And The #6 Prospect Is...


(Photo Courtesy of Sportsnet.Ca)

Zack Phillips
Center, 6'1" 180 Pounds
Saint John (QMJHL), 38 Goals, 57 Assists in 67 Games

The selection of Phillips with San Jose pick, 28th overall, has kind of flown under the radar when its come to the recent surge of columns and posts breaking down the Brent Burns trade that went down on Draft Day. Plenty attention has been paid to the principle NHL figures trading places (Burns and Setoguchi,) and Charlie Coyle, but let's not forget that Phillips was a highly thought of prospect during the course of his Draft Year.
In the Third Episode of "Becoming Wild" the Wild Draft Table got a call from "Army" (believed to be Doug Armstrong, GM of St. Louis) who offered the 41st and 46th picks for #28, but they opted to see what was there- so the presumption is that Phillips is one of the "higher guys" they had on their list, and trading down would take them too far down to grab a guy from that tier.
So here we are, talking about Zack Phillips as the 6th best Wild Prospect.
He was one of the more visible offensive standouts at Development Camp, showing his excellent hockey sense and vision in all three zones; the line combination of him, Mikael Granlund, and Johan Larsson were particularly potent on the second day of scrimmages. The easy knock on Phillips is that his skating isn't particularly explosive, but let's remember that he's just 18- he doesn't have to be a ready-made NHL player right now. He's got time to continue to grow and continue to develop, and The Brass will do what they can to maximize his potential. His game isn't streaking down the wing and launching rockets; he's an honest goal scorer, and excellent playmaker- the more I think about it, he's got an awful lot of similarities to Andrew Brunette. Maybe not the most swift of skaters, but a player so smart that they can compensate for that and be an effective contributor.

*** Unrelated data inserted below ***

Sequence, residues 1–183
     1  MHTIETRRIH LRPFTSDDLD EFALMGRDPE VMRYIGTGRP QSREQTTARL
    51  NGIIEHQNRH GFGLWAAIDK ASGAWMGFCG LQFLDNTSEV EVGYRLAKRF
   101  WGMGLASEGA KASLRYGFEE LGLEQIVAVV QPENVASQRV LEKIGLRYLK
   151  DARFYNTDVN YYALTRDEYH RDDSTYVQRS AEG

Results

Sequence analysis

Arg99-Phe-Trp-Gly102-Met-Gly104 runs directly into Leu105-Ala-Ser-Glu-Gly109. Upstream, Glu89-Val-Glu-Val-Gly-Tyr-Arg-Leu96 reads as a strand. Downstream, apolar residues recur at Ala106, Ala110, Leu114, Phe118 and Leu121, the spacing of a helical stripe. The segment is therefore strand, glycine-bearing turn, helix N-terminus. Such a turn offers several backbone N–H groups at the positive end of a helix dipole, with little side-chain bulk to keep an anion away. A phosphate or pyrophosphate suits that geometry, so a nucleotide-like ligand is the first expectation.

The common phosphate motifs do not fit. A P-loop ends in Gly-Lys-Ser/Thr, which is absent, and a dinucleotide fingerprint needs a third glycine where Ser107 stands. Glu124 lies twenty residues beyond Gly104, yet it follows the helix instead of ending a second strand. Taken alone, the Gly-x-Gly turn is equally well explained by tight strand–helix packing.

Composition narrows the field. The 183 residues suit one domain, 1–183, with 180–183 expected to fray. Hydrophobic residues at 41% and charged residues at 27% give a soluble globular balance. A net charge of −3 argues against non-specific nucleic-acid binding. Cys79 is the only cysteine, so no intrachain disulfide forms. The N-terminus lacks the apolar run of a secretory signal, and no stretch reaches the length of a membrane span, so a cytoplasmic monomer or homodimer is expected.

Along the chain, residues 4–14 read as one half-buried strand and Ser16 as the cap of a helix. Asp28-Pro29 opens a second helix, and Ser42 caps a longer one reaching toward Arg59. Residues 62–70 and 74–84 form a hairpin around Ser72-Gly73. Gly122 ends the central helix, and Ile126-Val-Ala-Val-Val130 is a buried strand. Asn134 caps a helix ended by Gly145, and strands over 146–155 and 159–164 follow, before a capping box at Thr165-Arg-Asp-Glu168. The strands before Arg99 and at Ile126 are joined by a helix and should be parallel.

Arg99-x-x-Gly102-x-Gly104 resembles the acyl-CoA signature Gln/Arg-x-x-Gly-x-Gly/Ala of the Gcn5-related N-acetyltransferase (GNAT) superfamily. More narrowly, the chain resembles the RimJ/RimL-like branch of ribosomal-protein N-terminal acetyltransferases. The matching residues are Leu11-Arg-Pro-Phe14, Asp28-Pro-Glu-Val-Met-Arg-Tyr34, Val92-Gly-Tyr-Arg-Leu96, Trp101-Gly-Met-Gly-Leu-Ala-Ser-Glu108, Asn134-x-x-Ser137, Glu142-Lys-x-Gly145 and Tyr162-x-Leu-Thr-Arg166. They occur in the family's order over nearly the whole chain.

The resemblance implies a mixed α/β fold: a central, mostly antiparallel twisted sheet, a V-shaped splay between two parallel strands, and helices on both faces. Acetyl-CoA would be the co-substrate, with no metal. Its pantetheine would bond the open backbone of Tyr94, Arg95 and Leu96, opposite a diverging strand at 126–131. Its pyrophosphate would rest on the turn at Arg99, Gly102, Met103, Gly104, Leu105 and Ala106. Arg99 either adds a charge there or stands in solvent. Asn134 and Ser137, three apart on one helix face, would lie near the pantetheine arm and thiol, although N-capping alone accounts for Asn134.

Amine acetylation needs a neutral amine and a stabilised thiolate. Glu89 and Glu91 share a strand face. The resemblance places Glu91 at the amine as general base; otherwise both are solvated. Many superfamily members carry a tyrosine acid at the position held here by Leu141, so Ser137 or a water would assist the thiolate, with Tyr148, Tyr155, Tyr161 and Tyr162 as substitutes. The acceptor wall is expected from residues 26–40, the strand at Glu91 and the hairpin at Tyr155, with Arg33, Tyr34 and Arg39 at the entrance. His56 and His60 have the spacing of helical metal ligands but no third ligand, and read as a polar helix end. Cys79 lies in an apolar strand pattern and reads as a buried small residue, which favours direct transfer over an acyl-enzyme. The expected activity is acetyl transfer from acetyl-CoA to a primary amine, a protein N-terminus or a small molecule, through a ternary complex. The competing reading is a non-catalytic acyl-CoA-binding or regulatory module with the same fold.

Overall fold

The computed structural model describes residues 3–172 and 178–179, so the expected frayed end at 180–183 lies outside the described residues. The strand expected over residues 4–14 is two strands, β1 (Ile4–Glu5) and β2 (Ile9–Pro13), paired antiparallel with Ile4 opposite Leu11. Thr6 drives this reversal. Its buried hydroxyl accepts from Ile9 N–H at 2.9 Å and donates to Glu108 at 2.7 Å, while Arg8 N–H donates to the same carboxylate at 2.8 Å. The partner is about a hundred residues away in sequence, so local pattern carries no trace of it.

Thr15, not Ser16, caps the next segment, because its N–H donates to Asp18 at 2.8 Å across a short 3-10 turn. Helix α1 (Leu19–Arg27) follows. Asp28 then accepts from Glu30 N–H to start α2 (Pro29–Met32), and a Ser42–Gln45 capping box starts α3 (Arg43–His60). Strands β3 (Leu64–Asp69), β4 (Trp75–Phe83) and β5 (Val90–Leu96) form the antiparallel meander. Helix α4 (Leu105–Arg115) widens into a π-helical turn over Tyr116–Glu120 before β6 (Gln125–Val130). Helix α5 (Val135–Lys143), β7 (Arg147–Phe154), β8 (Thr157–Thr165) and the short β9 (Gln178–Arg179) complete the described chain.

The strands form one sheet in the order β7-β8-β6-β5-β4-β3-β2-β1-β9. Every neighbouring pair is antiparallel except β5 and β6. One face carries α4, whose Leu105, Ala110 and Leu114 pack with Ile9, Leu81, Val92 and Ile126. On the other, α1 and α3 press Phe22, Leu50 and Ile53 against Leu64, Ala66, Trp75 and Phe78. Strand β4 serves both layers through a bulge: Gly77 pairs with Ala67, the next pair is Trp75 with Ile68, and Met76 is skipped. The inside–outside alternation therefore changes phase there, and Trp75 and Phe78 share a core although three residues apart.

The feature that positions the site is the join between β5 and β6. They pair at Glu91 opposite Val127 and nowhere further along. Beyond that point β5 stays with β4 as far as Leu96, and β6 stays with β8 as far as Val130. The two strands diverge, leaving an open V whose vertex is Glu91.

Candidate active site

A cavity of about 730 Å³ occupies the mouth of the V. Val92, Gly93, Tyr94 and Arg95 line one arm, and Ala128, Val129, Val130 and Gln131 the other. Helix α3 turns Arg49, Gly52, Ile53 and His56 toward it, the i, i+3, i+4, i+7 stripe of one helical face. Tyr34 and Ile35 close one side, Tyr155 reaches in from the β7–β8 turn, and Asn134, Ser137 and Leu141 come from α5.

Phillips is already in Minnesota training and preparing for Camp and The Traverse City Prospect Tournament in September, which gives one some insight into his work ethic and dedication.

He may get lost in the shuffle surrounding the trade fallout, but he's got the potential to be one hell of a player for Minnesota.

Previously:
Intro
Colton Gillies
Johan Larsson
Mario Lucia
Matt Hackett

4 comments:

  1. My position after Antti Miettinen is that I'll take hands and vision with a lack of speed vs the reverse, any time. Whether this is a General fighting the last war or not remains to be seen.

    Does he *really* have significant upside potential on his skating? Does that really happen much from 18 to 21, say? Got any examples to offer where it has happened in the past for a given draft pick where that was his deficiency? Surely not Bruno. He succeeded without speed, he didn't get faster.

    That said, Brent Flahr seemed remarkably unconcerned by that when asked.

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  2. Sure his skating can be improved. Phillips has said he's aware that his skating can be improved upon; I'm sure that it was addressed in his exit interview at Development Camp.

    The bottom line is that The Brass will do what they can to get the most out of him, and if his skating is a flaw, they'll work with him to improve it by whatever means available.

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  3. The thing I feel is lost in all the comparisons to Bruno is that Phillips' skating isn't _that_ bad. It's certainly not good, and it's below average, but he wouldn't be the worst skater in the league by a long shot.

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  4. Squidz- And you're nuts on. He's not Bruno slow, but just not overly dynamic or explosive. Kinda "hops" when he strides too, but this stuff can be ironed out.

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